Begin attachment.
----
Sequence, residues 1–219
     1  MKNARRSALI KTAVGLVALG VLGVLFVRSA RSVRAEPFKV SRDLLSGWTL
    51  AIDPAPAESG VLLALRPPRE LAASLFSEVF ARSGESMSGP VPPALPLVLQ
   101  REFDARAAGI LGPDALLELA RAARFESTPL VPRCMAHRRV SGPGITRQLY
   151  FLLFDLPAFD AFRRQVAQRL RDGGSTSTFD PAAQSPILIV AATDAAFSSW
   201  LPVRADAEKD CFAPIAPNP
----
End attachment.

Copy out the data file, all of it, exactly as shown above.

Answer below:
Sequence, residues 1–219
     1  MKNARRSALI KTAVGLVALG VLGVLFVRSA RSVRAEPFKV SRDLLSGWTL
    51  AIDPAPAESG VLLALRPPRE LAASLFSEVF ARSGESMSGP VPPALPLVLQ
   101  REFDARAAGI LGPDALLELA RAARFESTPL VPRCMAHRRV SGPGITRQLY
   151  FLLFDLPAFD AFRRQVAQRL RDGGSTSTFD PAAQSPILIV AATDAAFSSW
   201  LPVRADAEKD CFAPIAPNP